There are many useful websites on licensing including:
Association of Research Libraries – ARL links to many of the standard licensing principles adopted by libraries and library organizations.
Copyrightlaws.com – Maintained by Lesley Ellen Harris, this site covers licensing and copyright. Check out her articles on “How to Be a Better Negotiator”, “Getting What You Bargained For”, “A Sample Licensing Policy for Your Library” and “Are Model Licenses the Answer?”
LIBLICENSE – Maintained by Yale University Libraries, this site provides links to model and publisher licenses, defines licensing terminology, maintains a bibliography on licensing and examines terms commonly found in license agreements.
Northwestern University Library – Discusses the nuts and bolts of electronic resource licensing and includes a useful appendix on undesirable/unacceptable terms.
Newsletters & Magazines
A variety of publications cover licensing topics. Searching Wilson’s Library Literature and Information Science Database is an easy way to find relevant articles. The Informed Librarian, a monthly compilation of the tables of contents of library and information journals, is also a good current awareness resource. The following journals frequently publish articles on licensing: Against the Grain, Information Today, Journal of Library Administration, Serials Librarian, and Serials Review. Articles have also appeared in D-Lib, Information Advisor, Information Outlook, Interlibrary Lending and Document Supply, Law Library Journal, Library Resources & Technical Services, Online and Searcher.
Because they cover the topic in a substantial and systematic way, books are a great tool for learning about licensing and frequently contain checklists, sample contract language and bibliographies. You may find the following titles of interest:
Stephen Bosch, Patricia Promis & Chris Sugnet, Guide to Licensing and Acquiring Electronic Information, Scarecrow Press (2005).
Arlene Bielefield and Lawrence Cheeseman, Interpreting and Negotiating Licensing Agreements: A Guidebook for the Library, Research and Teaching Professions, Neal-Schuman Publishers (1999).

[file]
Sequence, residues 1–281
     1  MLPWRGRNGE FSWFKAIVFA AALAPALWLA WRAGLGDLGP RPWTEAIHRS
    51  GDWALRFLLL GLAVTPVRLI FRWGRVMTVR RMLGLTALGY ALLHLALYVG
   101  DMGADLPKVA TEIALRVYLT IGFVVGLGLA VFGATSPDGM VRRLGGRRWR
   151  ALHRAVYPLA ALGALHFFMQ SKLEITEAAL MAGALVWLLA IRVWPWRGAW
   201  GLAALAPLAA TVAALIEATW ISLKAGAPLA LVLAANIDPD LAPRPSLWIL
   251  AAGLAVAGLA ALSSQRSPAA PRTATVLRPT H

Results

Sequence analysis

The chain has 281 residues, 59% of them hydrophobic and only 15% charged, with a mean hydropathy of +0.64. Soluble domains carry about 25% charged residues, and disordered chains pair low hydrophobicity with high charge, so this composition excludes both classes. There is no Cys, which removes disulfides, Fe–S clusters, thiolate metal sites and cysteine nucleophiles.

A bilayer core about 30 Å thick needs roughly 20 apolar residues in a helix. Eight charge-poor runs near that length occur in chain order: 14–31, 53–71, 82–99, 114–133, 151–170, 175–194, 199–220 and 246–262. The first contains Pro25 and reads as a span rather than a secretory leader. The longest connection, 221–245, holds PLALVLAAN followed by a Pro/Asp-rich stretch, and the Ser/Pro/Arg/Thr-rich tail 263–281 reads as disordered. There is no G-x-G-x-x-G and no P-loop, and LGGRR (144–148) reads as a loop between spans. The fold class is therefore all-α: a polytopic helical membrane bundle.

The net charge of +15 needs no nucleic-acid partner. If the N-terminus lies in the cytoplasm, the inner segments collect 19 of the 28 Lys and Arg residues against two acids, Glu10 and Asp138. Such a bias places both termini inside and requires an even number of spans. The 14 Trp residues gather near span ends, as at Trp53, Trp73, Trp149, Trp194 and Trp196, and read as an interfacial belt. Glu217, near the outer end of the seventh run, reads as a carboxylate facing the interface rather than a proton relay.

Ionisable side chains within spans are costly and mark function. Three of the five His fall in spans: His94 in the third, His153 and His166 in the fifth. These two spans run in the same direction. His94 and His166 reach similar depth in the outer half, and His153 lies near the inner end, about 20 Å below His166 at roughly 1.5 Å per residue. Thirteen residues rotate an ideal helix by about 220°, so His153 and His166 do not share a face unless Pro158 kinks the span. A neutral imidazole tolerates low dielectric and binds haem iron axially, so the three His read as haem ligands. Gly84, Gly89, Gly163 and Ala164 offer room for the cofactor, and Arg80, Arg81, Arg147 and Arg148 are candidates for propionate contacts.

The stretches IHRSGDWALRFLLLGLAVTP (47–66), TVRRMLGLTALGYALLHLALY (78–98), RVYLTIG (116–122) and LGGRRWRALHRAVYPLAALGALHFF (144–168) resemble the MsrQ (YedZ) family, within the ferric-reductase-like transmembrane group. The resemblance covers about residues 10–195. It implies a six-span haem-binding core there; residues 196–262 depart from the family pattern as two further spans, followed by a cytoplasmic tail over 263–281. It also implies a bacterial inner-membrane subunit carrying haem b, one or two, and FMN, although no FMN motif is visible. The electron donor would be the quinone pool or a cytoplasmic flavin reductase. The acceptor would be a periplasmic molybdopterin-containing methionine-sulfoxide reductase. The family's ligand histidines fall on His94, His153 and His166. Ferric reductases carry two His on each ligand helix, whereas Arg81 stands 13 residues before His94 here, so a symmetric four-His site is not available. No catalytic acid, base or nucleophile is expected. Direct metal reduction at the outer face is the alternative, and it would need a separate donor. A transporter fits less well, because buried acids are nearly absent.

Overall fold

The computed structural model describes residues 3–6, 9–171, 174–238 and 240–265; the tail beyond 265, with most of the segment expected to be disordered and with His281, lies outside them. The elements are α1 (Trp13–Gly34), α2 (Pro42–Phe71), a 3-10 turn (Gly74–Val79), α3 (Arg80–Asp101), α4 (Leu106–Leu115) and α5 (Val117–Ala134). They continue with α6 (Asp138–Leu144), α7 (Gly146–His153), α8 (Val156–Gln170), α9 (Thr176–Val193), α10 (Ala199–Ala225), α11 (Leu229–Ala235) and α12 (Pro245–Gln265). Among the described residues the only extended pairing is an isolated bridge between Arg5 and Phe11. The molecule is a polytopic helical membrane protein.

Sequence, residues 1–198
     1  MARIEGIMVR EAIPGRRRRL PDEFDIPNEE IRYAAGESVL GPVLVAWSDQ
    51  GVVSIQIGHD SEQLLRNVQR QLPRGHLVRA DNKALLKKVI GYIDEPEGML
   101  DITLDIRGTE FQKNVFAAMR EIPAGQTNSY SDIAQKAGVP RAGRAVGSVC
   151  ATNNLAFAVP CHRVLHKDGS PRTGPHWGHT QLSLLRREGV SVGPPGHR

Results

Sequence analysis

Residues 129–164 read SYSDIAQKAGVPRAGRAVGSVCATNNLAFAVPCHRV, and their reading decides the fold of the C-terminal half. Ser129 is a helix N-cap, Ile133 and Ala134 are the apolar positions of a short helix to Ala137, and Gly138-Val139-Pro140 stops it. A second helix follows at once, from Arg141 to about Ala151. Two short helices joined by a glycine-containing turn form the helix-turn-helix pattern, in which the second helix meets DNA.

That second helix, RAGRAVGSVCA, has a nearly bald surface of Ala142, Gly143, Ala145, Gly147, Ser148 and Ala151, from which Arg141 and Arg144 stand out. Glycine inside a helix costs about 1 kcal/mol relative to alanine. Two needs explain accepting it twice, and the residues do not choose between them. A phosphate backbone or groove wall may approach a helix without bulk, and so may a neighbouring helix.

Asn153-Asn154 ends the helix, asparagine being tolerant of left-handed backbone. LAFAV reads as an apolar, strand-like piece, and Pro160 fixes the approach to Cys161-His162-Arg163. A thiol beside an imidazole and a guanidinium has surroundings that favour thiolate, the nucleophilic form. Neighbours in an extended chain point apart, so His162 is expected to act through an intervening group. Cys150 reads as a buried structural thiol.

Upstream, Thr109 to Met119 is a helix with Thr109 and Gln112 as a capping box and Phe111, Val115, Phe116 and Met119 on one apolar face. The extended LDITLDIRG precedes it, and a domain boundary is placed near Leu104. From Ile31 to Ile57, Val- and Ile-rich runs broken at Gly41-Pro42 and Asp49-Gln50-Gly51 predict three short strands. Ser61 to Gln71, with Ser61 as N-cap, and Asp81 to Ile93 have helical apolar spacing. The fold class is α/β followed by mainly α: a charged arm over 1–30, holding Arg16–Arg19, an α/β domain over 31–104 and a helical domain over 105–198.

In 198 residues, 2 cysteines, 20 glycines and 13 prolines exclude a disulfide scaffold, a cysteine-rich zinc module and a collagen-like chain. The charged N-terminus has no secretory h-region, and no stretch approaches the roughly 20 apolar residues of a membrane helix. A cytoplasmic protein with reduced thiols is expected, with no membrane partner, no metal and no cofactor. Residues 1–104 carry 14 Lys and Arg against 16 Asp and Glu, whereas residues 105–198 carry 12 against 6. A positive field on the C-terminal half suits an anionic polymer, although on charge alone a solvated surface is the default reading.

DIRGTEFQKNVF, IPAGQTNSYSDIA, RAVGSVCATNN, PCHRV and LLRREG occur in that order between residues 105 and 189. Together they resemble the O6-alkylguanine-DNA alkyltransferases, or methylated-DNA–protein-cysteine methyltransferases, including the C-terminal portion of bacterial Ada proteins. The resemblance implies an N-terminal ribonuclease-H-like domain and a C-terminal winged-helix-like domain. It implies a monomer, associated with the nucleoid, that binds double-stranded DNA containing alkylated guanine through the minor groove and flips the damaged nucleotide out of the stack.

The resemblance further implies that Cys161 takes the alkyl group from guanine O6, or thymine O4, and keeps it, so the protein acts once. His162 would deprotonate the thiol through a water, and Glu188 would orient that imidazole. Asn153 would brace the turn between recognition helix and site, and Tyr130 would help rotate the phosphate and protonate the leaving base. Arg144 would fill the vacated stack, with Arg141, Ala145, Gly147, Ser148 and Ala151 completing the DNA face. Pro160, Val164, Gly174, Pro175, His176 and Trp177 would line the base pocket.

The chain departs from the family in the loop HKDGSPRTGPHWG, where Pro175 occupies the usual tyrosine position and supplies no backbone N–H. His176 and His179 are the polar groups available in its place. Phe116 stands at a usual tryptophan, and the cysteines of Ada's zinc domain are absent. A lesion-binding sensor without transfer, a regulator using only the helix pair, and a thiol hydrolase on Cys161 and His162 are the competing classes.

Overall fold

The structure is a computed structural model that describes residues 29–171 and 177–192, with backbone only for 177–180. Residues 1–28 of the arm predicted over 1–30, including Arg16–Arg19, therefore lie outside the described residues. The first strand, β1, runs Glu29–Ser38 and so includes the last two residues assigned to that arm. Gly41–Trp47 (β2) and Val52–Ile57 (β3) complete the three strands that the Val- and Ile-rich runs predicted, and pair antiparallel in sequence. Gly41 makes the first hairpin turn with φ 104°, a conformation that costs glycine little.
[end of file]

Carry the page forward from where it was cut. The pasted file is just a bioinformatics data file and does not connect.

Lesley Ellen Harris, Licensing Digital Content: A Practical Guide for Librarians, ALA (2002).
Karen Rupp-Serrano, Licensing in Libraries: Practical and Ethical Aspects, Haworth Information Press (2005).
Audrey Fenner, Managing Digital Resources in Libraries, Haworth Information Press (2004).
Fiona Durrant, Negotiating Licenses for Digital Resources, Facet (2006).
Linda Tashbook, Survey on Licensing, in Briefs in Law Librarianship v.8, William S. Hein & Co (2004).
If you have specific licensing questions, a mentor can be a great resource. There are many experienced librarians who are happy to provide their perspective on licensing. I have been very grateful for advice from my counterparts at other academic institutions. I also find a lot of commonalities in licensing discussions with the main campus librarians as well as with local county and law firm librarians. Legal counsel may have some helpful advice (although some librarians prefer to avoid lawyers at all costs). A chief financial officer, business manager or head of purchasing is often a great resource for the business side of negotiations.
Don’t be intimidated. Remember, if you have bought a car, a house, and/or insurance, you have already read boilerplate contracts and negotiated complex purchase agreements. Use your common sense and ask questions. You will become a seasoned veteran in no time!